Saturday, October 11, 2008

Groundhog Day: Part II

After seeing that the groundhog was still in the park both the next morning and next afternoon (Friday), and worrying that his injury made him an easy target for dogs and other predators, both of whom would likely be out in larger numbers over this holiday weekend, I am happy to report that after Randal placed a call to the Ottawa Humane Society, they sent someone out this evening (we were late leaving for Toronto, in fact, because the Society showed up just shortly before we were going to leave) to pick up the groundhog.

It had looked dire when I saw the groundhog sleeping on the grass near the trees when I was walking up to the bus stop on Friday morning. He disappeared later in the morning, when Randal went in to work about 90 minutes later, but reappeared sleeping under a tree late that afternoon. Because we had a car that day (we had rented one for our trip to Toronto, and Randal had picked it up after work), Randal suggested that perhaps we could capture the animal and bring it to an animal shelter. We went to check out the groundhog - when he tried to scamper away from us, it was obvious his rear left leg was quite injured.

We ran back home, and after doing some quick research online, Randal called the Ottawa Humane Society. They told us they would send someone out right away to rescue the critter. Randal explained exactly where they would find the groundhog, since we were hoping to leave shortly for Toronto.

The car was finally packed and we were ready to go at about 6:30. Randal decided at this point to run across the street to check on the groundhog one last time. It had moved out of the partially-wooded area to lay down in some grass, and it was very unresponsive. (Randal got it to finally open its eyes when he clapped his hands quite near to the animal.) After warning off a man and woman who were walking two little dogs in the nearby vicinity, he suddenly noticed, further down the street, a large van with flashing lights, driving as if it were looking for something. Randal ran to it, and it was indeed the Ottawa Humane Society. With Randal's help, the wildlife protection officer was able to corner the groundhog against a fence and get it into a box for transport. Once back at the Society, the officer told us, a technician would assess the wound and they would hopefully be able to start rehabilitation.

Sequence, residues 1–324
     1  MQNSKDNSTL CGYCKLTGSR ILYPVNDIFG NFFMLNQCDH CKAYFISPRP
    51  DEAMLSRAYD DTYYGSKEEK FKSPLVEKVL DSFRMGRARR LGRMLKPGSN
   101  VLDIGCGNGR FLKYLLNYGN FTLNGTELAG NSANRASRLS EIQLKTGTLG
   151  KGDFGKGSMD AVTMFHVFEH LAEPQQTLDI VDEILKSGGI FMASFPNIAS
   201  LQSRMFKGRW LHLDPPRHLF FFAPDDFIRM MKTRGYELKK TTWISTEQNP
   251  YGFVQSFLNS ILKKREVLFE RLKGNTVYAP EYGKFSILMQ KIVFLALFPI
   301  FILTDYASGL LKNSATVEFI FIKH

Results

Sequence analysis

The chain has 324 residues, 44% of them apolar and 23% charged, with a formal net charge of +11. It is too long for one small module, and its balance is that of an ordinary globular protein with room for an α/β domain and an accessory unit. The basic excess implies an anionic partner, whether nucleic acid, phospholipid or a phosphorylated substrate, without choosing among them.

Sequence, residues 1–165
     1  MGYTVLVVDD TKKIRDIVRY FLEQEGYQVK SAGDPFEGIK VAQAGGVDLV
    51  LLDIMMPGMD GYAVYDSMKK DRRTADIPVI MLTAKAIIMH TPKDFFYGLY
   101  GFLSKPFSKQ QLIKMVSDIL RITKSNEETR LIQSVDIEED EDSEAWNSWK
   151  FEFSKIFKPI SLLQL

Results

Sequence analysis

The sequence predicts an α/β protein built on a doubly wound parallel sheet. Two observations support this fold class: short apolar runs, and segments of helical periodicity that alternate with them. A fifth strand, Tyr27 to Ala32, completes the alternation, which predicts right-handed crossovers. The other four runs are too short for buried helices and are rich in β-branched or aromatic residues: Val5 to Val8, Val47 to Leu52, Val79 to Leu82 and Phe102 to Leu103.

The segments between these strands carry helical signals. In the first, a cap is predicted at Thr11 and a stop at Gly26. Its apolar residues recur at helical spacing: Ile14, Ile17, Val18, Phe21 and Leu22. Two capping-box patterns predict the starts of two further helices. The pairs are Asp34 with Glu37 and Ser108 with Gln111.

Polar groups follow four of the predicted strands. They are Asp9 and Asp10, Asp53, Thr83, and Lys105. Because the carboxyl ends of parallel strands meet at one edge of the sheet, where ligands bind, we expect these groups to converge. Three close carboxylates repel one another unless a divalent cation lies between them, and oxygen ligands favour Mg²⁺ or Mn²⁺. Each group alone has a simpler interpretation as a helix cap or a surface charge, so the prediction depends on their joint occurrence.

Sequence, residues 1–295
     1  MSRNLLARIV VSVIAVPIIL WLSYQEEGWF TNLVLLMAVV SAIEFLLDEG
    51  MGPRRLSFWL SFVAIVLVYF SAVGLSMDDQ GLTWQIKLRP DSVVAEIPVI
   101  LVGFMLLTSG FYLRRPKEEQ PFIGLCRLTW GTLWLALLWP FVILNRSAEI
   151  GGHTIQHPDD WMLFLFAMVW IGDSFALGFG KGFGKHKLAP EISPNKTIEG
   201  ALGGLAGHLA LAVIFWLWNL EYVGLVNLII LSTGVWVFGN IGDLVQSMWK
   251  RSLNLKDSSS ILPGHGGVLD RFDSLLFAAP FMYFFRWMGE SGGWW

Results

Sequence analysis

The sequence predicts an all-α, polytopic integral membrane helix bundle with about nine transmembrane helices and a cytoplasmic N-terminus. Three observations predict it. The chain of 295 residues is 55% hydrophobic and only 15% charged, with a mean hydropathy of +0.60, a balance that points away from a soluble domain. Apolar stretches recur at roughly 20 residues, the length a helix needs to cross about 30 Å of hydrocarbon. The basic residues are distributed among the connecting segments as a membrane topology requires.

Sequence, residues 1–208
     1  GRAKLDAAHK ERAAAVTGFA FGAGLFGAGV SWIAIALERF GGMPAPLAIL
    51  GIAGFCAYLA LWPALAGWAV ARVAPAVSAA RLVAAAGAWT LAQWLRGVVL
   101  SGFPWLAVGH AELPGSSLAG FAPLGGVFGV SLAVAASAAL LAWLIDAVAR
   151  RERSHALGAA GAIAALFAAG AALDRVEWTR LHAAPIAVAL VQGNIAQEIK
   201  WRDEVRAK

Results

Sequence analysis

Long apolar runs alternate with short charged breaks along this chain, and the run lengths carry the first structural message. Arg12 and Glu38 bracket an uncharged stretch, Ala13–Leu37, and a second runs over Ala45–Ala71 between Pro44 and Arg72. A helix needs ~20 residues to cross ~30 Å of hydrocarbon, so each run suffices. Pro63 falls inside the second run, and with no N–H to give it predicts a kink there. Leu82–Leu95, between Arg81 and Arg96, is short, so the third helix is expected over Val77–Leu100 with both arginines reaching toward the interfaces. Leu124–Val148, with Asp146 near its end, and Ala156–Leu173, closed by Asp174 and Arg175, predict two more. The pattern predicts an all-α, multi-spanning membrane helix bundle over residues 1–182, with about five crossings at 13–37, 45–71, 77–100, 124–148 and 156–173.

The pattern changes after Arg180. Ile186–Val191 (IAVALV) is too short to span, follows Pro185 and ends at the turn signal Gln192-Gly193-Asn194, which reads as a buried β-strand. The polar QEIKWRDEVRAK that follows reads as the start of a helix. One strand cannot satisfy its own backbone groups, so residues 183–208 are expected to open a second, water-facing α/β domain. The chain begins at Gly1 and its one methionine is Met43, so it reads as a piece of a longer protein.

So I've thought about this incident a lot in the past 24 hours, and the more I think about it, the more I think that the groundhog may have already been injured before he ran into Rion. From what I could tell, Rion barely had a hold of him, if at all. Any hold he might have gotten would have lasted barely a second, and I don't know if that was enough time to do the kind of damage that the groundhog seemed to have suffered. There is also the fact that, while groundhogs are aplenty in this neighbourhood, they certainly do not make a habit of letting dogs get ahold of them. Normally groundhogs keep their distance. But this guy was hiding around the edge of a tree, leading me to wonder if perhaps he wasn't already injured and so incapable of getting away fast enough.

I don't know. Anyway, all in all, it's been an exciting and exhausting end to what was already a tiring week. Work has been crazy for the last two weeks in particular, and we were already having problems with our water pipes. But I'm happy it came to a good conclusion. I feel so much better, knowing that someone is out there, taking care of the groundhog as best as they can, and I hope that, in the end, everything is okay for the little guy.

3 comments:

Anonymous said...

Did the Ottawa Humane Society officer say they would rehabilitate the groundhog? Are you going to contact them for an update on his condition. I would be very interested in hearing how things are going.
Thanks.

Waterlily said...

Hmm... can you spell "Euthanasia"?

Randal said...

Did the Ottawa Humane Society officer say they would rehabilitate the groundhog?

Yes. Not sure what will happen after that, though -- whether they'd bother to put him back in his old location so as to be able to find his old burrow/family, or simply elsewhere in the woods. I imagine he'll pull through just fine unless the shock was too much for him by that point. His injury appeared to be minor -- one paw -- but he seemed very disoriented. Another night in the open would have been too much for him, I think.